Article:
Czech Republic: Cannabis laws
The possession of a small amount of cannabis for personal use would be punished far less strictly than that of other drugs, according to a change of the law by the lower house of parliament on 11 November. While the production and sale of drugs can be punished with five to 15 years in prison, if people have a small amount of cannabis on them it is only an offence, under the new law. It is yet to be discussed by the upper house and signed by the president into law. (Source: Ceske noviny of 11 November 2008)

Holland: Mayors
A majority of Dutch mayors (54 out of 88), who have a coffee shop in their city, support the legalisation of the entire cannabis production chain. They want to end the frontdoor-backdoor problem, where sales of cannabis is legal but growing is not. (Source: Psychonaut.com of 19 November 2008)

Science: Psychosis
According to British researchers the use of cannabis causes increased experiences of delusions and hallucinations in individuals prone to psychosis. Their findings suggest that an individual's response to acute cannabis consumption may be a marker of occurrence of harmful psychic effects of cannabis. (Source: Mason O, et al. Psychol Med. 2008 Nov 19:1-6. [Electronic publication ahead of print])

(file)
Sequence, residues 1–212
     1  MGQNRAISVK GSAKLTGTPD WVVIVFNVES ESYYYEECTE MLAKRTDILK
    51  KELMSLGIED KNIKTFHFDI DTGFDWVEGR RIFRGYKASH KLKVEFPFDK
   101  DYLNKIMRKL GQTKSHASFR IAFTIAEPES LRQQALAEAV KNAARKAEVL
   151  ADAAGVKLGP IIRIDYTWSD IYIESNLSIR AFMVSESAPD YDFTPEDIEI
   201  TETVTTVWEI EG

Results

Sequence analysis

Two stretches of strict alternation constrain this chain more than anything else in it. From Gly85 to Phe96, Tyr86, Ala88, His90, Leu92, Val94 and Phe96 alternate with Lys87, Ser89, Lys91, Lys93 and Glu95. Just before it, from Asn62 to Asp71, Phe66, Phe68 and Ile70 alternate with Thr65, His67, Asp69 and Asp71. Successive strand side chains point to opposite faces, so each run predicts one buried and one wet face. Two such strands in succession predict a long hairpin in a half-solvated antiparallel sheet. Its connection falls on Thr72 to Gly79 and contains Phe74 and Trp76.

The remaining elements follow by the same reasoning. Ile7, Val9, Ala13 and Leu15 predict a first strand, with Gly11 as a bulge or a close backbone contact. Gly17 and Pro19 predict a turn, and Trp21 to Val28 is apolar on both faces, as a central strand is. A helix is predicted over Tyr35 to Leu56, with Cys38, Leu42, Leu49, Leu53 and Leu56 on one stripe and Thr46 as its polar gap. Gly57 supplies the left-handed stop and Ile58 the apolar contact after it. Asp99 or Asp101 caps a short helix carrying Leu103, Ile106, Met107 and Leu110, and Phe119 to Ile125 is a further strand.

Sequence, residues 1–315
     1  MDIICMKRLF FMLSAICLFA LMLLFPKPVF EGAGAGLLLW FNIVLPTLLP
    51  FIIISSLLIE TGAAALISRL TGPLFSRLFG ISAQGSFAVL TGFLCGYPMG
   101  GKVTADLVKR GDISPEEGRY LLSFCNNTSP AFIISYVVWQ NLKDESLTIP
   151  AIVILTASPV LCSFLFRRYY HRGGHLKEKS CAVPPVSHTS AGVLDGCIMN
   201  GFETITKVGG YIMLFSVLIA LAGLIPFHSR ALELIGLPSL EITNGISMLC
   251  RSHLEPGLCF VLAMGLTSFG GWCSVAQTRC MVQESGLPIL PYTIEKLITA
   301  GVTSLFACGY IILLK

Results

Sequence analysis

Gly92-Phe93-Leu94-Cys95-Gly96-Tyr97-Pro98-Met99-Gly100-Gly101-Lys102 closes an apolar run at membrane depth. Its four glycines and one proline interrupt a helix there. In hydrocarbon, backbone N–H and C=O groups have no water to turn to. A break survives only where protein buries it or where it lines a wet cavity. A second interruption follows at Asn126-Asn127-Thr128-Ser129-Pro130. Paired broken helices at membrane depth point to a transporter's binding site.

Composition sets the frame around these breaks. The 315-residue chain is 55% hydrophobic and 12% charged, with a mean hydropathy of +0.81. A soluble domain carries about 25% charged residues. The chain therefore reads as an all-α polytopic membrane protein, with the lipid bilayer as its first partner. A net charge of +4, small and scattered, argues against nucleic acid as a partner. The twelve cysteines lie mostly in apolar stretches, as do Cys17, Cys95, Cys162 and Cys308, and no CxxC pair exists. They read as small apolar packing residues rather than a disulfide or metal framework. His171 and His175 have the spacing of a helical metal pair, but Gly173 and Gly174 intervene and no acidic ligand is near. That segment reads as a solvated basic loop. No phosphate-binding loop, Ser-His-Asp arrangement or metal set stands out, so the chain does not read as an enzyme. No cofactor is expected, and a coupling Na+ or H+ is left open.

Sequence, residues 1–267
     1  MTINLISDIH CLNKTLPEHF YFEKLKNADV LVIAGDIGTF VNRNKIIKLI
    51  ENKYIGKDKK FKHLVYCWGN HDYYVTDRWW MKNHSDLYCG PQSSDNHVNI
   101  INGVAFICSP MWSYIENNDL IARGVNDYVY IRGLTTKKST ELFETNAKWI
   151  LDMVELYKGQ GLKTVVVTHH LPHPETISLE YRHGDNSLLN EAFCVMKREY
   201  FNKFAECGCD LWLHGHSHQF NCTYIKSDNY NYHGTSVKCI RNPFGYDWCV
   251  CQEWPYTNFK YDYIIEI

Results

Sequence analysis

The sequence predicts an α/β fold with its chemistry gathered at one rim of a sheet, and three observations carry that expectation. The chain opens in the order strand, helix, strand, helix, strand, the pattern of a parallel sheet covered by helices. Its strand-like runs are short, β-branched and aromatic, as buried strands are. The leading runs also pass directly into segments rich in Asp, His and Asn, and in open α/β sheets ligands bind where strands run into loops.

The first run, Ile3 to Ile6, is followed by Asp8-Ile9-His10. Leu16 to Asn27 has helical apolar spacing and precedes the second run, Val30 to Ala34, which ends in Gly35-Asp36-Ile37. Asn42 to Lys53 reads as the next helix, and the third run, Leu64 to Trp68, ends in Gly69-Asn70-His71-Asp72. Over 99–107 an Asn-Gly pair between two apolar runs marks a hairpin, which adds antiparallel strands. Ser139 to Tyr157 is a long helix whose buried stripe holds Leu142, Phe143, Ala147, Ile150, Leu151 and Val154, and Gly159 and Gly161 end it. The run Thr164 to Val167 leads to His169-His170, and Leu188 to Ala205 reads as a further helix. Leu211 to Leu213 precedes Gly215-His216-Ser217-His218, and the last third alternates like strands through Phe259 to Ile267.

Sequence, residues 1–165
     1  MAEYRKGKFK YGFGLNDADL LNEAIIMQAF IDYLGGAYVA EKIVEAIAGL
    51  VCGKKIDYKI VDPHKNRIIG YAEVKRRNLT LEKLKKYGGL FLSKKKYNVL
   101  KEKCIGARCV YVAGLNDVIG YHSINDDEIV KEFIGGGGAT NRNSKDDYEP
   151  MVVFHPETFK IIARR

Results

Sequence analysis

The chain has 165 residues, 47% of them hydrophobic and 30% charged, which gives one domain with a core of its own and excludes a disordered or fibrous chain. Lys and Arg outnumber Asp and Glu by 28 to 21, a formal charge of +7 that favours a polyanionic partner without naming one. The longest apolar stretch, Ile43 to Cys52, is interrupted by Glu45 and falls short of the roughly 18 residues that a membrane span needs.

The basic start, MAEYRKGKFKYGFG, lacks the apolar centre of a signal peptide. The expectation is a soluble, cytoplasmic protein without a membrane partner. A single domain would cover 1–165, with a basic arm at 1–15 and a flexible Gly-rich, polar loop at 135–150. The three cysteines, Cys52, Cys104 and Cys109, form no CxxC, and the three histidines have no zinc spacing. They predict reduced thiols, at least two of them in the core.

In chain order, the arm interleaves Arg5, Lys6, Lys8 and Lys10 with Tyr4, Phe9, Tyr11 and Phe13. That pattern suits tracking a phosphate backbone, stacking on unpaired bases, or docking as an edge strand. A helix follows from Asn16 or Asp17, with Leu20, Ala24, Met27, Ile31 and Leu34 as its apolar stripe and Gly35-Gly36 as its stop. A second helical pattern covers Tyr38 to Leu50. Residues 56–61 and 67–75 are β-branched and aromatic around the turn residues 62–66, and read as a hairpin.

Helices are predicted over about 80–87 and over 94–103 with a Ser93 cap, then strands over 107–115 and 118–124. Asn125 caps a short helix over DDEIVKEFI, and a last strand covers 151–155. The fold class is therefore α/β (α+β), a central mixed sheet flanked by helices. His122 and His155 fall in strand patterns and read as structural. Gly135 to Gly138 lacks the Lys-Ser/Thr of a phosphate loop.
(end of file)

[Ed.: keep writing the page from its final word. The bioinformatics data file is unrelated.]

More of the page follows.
Science: Cannabis dependence
A study conducted in the USA with 1.923 subjects shows that certain variations of the DNA sequence of the gene for the cannabinoid-1 receptor may be associated with an increased risk for cannabis dependence. (Source: Agrawal A, et al. Am J Med Genet B Neuropsychiatr Genet. 2008 Nov 14. [Electronic publication ahead of print])

Science: Schizophrenia
According to research at the Psychiatric University Hospital Zurich, Switzerland, on the reasons for cannabis use patients with schizophrenia more often than healthy controls stated that they consumed cannabis to fight boredom and to ease social contacts. (Source: Schaub M, et al. Aust N Z J Psychiatry 2008;42(12):1060-5.)

Science: Pain
Scientists from the University of Bonn, Germany, demonstrated that the CB2 receptor in cells of the immune system is involved in the development of neuropathic pain. The CB2 receptor was important for the modulation of the activation of glia cells in response to nerve injury. (Source: Racz I, et al. J Neurosci 2008;28(46):12125-35.)

Science: Food intake
Animal research shows that CB2 receptor ligands, i.e. substances that bind to the CB2 receptor, may play a role in food and alcohol consumption. (Source: Onaivi ES, et al. Ann N Y Acad Sci 2008;1139:426-33.)

UK: Poll on illegal drugs
According to a poll conducted for the Observer and the Guardian newspapers 27 per cent of UK adults have taken illegal drugs and 87 per cent of these have taken cannabis. 32 per cent believe that drug laws in the UK are too liberal, 50 per cent think that they are about right and 18 per cent believe that they are not liberal enough. 27 per cent of responders said that certain drugs should be legalized or decriminalized. A sample of 1,008 UK adults aged 16 years or older were interviewed by ICM Research in October 2008. (Source: The Observer of 16 November 2008)